- E.A. Aymar
- February 9, 2017
My third annual writerly (and readerly) Valentine’s Day Q&A
How do you keep people from thinking that every sex scene you write is based on your own personal experiences? ~ W. Tyson, PA
You can’t. No one will ever believe you. When people read your sex scenes, they are absolutely picturing you and your spouse doin’ it.
And the embarrassment doesn’t stop there. At the launch party, someone who’s already read your book will take you aside and make a comment in a low voice like, “So, W. Tyson, quite a scene on page 337, huh?” You’ll deflect the comment, but they’ll make it again. Maybe three times that evening. And this person will absolutely be someone you already have an awkward relationship with. Like a distant step-uncle. For the rest of the evening, he’s going to smile at you. It’s going to creep you out.
Oh, and someday your children will read what you wrote and be horrified. Homer said it best here.
How do you meet your writers’ constant need for love and validation without your head exploding? ~ H. Smith, MD
Oh, silly, that’s impossible. It’s a bottomless well. One time, I went to a friend’s house and their beagle insisted on trying to mate with my leg. And I gently pushed her off, but she came back again. And again. And the last time I moved her, the dog looked up at me with helpless dog eyes, like she wanted to say, “I can’t stop doing this, I’m sorry.” That’s how writers are with validation. It’s a biological urge.
One way to remove a writer from your leg is to give him or her realistic expectations. For example, if a writer asks you to read something they wrote, they’ll almost always give you a fair deadline. But the truth is, the moment their work is in your hands, they want a response. They’re hoping you read the first sentence, found it utterly brilliant, and kept reading. They want a call that same night, preferably at two in the morning, with you saying, “I wasn’t going to read it right away, but I started and couldn’t sleep, eat, or look up until I finished!” Every day that passes, the writer grows more and more dejected. And begins to resent you. The best you can do is tell the writer something like, “I’ll start this in a week or so.”
Fair warning: Expect a phone call or email exactly one week later. You brought that on yourself.
How do I maintain the romance when I’m stepping on LEGOS and covered in Post-It notes? ~ P. Stankus, MD
Wear nothing but the Post-It notes. Number them in the order in which they should be removed. To make sure your partner gets the hint, arrange the LEGOS in phallic formations. Chances are, as a dad, you do this anyway when your kids aren’t around. The LEGO thing, I mean, not the Post-It thing.
Why can’t my husband be as romantic as characters in romance novels? ~ A. Hiltz, CO
Are those characters really romantic? They’re more lust than love. Take this dude from the cover of Enchant the Heavens. No way he’s showing up at your office with a nice bouquet of flowers. No chance. If the Enchanter shows up at your office, he’s ripping off his shirt in the lobby, storming to your cube, taking you in his arms…and then swiveling you around in your office chair to give you that weird head massage thing he seems to enjoy.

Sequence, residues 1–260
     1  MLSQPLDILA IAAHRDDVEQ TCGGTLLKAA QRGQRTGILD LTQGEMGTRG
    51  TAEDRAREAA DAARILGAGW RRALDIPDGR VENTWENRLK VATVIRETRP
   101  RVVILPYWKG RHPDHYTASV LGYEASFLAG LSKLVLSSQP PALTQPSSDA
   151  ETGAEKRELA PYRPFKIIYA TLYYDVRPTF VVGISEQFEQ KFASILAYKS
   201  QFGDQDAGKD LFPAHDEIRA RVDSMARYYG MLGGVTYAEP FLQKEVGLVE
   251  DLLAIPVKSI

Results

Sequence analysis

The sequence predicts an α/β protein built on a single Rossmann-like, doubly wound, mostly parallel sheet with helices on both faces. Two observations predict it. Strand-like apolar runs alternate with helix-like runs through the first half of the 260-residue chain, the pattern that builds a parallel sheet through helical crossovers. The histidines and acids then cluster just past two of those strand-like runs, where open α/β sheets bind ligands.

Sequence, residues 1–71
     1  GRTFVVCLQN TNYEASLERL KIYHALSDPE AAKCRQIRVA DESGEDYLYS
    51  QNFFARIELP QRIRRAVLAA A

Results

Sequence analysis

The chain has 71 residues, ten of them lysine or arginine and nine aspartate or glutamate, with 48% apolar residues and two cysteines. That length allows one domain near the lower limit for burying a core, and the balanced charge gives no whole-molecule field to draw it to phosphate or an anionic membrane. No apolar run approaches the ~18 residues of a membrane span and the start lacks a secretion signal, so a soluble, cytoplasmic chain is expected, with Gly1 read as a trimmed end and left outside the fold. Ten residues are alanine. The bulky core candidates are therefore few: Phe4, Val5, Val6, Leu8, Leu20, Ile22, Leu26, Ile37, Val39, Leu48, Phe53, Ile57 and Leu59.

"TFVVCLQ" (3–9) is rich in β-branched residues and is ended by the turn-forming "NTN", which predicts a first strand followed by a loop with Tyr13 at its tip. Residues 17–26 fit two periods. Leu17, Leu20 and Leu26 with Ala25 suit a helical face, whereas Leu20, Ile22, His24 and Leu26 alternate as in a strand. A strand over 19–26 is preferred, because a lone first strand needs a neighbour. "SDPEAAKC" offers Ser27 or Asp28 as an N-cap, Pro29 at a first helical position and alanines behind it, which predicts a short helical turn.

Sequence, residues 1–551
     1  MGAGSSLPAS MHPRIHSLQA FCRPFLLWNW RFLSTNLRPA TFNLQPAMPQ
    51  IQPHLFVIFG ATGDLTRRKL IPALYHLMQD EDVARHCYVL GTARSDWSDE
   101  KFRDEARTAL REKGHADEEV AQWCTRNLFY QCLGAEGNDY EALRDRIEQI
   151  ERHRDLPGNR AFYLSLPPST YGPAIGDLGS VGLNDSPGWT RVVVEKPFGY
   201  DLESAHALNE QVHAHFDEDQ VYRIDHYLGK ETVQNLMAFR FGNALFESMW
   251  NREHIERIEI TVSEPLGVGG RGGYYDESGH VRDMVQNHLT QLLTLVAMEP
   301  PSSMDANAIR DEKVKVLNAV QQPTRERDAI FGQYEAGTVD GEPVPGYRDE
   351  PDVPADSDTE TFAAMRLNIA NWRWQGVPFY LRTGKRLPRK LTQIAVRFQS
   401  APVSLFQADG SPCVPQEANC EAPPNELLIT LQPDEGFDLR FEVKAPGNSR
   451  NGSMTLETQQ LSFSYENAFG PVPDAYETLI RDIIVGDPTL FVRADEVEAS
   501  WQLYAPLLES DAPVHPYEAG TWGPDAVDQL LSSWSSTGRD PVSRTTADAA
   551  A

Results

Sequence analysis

I don’t know why he’s doing that to her head. I just tried it on my wife and she laughed. And I don’t know where I left my shirt. It’s very cold here and my nipples look weird.
I love my spouse dearly, and OF COURSE Valentine’s Day is special (yada, yada, yada), but how do I let him know that there will be no nookie until I’ve gotten my word count in for the day? ~ M. Opperman, MD
Write flash fiction. Then flash (nonfiction).
The man I love is fictional? Is that so wrong? ~ B. Goffman, VA
Definitely wrong. Men in novels, by necessity, tend to be haunted and flawed. You don’t want to end up with a Hemingway character — strong, silent, thinks hunting is a pretty good solution to most problems. Those guys are disasters in relationships. A Faulkner character wouldn’t be much better, plus you’d have to move to Mississippi. I’d rather rip my eyebrows off with a Post-It note than go back to Mississippi.
It still counts as a dinner date if you’re reading a book, right? I mean, so long as the other person hasn’t walked away yet? ~ C. Callahan, DC
Those are the best dates! A co-worker of mine and I used to go to lunch once a week, and we’d sit at Sbarro and read while we ate. We called it a “reading lunch,” and even had a firm no-talking rule. One time, there was a flood in her hometown in North Carolina, and she mentioned that she was worried about her family. I glared at her. Appropriately chastened, she looked back down and we kept reading quietly.
The only thing I regret about that story is that we went to Sbarro.
This Saturday, come check out Cold Dark Flash, a FREE reading of dark flash fiction co-sponsored by SmokeLong Quarterly and DC’s Noir at the Bar. Some of your favorite Independent columnists will be there (me, Tara Laskowski, Tara Campbell, Art Taylor) along with a number of other terrific writers. My collaborator and pal DJ Alkimist will be providing music throughout the event. Saturday night, 7PM, at the Pub and the People. Click HERE for more information.